Does anybody really know what time it is? Drafting fixed-term employment contracts

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Fixed-term employment contracts are useful for employers who need to manage a workforce when personnel requirements are uncertain or may change – for example, when employees are needed to trial a project; where a position is dependent on funding; or when needed for a specific period such as a parental leave position.

Fixed-term employment contracts should contain terms which make it clear to both parties that employment is only for a specified period. The terms should also include the start and end date and state that the employment will not be ongoing (for example, that the employment will be terminated on the end date). Essentially, there should be no doubt that the employment will come to an end and when it will come to an end before the parties enter the contract.

A failure to clearly state these terms in contracts may give risk to lead to undesirable consequences, regardless of the intention of the employer for a fixed-term employment contract.

“Clear words are necessary”

For example, in KF v Act for Kids [2016] FWC 5052, the employee lodged an unfair dismissal application following the termination of her employment in April 2016. The employer raised a jurisdictional objection on the grounds that as the employee was employed for a 12-month fixed term, her employment came to an end as a result of the effluxion of time rather than by any action of the employer.

In support of its objection, the employer relied upon a clause of the contract that stated: “Your employment will be full-time from 30 March 2015 to 1 April 2016”, and argued that the employee accepted employment for a fixed-term period, coming to an end on April 1, 2016. It also submitted that the position was advertised to be for a 12-month period and the employee was advised in the interview process that the position was only for 12 months.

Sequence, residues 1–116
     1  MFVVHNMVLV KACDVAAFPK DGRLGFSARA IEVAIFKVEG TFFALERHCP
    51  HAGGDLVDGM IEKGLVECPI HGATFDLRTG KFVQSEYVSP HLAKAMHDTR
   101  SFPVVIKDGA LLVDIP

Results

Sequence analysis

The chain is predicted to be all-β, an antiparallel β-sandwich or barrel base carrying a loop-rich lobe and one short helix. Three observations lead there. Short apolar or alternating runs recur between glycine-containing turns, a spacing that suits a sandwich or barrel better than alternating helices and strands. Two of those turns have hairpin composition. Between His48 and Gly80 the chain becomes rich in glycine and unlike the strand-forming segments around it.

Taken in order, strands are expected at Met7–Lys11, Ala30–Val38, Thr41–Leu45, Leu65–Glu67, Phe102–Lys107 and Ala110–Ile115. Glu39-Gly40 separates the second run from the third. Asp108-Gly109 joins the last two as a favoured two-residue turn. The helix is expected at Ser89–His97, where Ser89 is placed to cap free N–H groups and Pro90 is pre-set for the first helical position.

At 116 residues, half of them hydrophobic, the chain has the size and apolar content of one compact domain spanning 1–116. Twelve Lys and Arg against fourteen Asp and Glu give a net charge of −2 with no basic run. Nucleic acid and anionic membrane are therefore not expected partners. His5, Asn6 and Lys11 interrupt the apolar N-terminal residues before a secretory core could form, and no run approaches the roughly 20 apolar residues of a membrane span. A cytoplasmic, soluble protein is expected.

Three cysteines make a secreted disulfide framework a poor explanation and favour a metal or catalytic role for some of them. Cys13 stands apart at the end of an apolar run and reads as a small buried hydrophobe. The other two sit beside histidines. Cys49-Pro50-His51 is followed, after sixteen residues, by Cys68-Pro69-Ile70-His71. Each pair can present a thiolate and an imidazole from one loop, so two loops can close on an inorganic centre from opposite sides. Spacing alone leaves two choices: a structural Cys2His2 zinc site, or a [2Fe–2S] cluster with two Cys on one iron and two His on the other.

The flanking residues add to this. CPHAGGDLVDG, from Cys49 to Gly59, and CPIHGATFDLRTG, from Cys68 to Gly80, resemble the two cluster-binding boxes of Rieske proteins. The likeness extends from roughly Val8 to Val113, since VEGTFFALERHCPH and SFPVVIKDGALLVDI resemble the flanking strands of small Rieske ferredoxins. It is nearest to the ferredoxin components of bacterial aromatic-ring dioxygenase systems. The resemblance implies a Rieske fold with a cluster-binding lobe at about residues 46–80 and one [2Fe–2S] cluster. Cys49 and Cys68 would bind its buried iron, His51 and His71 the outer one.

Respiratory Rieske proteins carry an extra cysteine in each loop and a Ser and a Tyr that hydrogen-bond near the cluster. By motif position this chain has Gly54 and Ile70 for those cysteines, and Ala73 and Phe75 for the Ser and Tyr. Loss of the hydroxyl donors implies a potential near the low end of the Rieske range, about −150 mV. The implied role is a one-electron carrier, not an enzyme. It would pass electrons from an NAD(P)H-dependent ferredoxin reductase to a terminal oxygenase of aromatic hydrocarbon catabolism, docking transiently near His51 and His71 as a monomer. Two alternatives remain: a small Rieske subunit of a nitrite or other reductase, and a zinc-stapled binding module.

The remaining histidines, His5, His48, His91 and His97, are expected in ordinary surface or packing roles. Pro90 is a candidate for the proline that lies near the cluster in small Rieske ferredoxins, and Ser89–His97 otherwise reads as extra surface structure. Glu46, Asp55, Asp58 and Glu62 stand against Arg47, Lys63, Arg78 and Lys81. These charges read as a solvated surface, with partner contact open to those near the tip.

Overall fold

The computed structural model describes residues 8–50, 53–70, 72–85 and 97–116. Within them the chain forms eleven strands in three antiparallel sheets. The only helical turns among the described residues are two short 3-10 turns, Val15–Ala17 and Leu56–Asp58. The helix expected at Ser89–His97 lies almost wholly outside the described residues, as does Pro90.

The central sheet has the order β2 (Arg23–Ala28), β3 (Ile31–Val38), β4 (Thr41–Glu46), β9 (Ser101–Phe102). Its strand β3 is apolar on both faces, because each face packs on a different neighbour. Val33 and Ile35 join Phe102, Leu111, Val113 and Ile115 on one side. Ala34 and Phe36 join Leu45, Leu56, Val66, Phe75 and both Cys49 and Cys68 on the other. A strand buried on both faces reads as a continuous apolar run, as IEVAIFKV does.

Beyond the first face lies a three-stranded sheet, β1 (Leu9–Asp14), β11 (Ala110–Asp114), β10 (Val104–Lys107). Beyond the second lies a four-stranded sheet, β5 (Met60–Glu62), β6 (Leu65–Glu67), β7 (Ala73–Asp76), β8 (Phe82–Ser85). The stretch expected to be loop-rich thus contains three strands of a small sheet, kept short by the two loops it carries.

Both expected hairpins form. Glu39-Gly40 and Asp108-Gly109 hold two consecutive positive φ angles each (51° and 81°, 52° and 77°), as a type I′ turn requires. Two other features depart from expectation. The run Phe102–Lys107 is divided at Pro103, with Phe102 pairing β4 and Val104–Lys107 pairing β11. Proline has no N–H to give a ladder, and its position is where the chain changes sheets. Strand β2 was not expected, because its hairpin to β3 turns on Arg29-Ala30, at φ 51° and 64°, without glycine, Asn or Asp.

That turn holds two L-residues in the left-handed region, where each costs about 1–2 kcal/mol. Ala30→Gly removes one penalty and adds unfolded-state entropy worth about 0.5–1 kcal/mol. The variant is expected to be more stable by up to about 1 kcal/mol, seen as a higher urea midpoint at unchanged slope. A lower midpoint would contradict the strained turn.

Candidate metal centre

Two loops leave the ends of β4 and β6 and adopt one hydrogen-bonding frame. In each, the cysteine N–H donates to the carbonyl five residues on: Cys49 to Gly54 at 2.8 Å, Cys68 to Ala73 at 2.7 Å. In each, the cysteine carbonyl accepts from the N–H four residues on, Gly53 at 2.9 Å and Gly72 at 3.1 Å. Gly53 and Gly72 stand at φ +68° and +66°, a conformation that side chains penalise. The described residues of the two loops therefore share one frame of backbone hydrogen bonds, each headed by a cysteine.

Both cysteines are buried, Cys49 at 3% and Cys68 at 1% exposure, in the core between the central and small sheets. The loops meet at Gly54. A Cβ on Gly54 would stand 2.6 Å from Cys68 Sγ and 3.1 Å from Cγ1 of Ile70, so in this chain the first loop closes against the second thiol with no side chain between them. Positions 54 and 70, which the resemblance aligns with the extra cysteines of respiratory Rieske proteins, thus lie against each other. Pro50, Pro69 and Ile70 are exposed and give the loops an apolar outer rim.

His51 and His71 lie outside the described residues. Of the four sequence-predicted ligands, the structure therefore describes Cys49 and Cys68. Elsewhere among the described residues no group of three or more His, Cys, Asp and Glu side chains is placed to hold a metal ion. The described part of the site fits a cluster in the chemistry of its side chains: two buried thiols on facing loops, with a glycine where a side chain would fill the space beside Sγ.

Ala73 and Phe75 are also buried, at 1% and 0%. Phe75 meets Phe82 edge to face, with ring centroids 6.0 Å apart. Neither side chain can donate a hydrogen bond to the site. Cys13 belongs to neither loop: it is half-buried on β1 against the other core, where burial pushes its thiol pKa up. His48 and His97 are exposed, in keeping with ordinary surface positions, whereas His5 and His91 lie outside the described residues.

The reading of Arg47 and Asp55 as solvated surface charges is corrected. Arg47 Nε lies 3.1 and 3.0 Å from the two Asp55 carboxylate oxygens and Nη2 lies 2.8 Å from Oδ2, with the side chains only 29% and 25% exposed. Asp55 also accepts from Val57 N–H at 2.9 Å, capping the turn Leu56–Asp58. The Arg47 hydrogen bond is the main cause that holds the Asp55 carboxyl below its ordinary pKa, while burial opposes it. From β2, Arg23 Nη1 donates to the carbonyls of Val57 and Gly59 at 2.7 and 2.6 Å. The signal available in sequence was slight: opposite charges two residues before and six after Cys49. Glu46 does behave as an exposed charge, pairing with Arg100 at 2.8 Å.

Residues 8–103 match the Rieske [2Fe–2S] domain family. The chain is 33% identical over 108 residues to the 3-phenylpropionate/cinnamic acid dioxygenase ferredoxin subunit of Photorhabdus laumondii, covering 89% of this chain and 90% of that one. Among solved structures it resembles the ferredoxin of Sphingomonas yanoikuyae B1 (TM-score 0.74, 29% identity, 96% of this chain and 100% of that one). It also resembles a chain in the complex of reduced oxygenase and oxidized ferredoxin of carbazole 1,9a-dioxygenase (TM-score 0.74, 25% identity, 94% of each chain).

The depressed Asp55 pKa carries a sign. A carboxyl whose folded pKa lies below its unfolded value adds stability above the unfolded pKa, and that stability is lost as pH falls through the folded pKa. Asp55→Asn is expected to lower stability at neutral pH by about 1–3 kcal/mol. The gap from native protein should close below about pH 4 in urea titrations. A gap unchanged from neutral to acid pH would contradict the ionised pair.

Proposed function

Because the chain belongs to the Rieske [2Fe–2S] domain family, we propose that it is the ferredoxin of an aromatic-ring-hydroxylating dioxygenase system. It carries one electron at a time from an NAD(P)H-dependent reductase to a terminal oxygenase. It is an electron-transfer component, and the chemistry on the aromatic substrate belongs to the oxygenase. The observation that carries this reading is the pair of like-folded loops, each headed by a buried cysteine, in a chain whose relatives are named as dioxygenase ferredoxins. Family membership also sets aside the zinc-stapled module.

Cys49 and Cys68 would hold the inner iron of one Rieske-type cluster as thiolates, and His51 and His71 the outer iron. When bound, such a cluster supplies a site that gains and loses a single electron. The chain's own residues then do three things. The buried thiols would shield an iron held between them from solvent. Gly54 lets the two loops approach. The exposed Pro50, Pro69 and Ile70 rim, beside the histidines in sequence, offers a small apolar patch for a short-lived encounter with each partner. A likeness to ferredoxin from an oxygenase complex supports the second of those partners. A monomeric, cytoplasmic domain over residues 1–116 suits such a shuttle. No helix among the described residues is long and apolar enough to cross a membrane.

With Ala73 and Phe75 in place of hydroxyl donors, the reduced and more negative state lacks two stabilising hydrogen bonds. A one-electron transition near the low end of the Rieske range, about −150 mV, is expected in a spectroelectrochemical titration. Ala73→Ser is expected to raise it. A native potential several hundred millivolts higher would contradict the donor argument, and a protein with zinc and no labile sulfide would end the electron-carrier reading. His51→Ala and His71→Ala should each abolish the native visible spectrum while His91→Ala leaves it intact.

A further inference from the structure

The employee successfully argued that the contract did not state that her employment was to end on April 1, 2016, or that it would end on a specific date. Rather, she submitted that it simply stated that her employment was on a full-time basis from March 30, 2015, to April 1, 2016, and thereafter could be on a part-time or casual basis.

The Fair Work Commission (FWC) examined the contract and noted that the clause together with other clauses created ambiguity. The contract contained other clauses, including a statement that said the employee’s remuneration was to be reviewed annually and a termination clause, which provided for notice periods as per the National Employment Standards (NES). Commissioner Hunt said “clear words are necessary” and that while the employer may have desired the employment to be for a fixed term, “the execution of that desire was poor”.

Commissioner Hunt dismissed the employer’s jurisdictional objection and held that the FWC had jurisdiction to determine the employee’s unfair dismissal application.

The lesson for employers

This case demonstrates it is essential that contracts are correctly drafted. For fixed-term contracts, this would include referring to the employment as “fixed-term”, stating when the contract is to begin and end, and specifically including that the contract is to terminate on the end date.

Shane Koelmeyer is a director of specialist law firm Workplace Law

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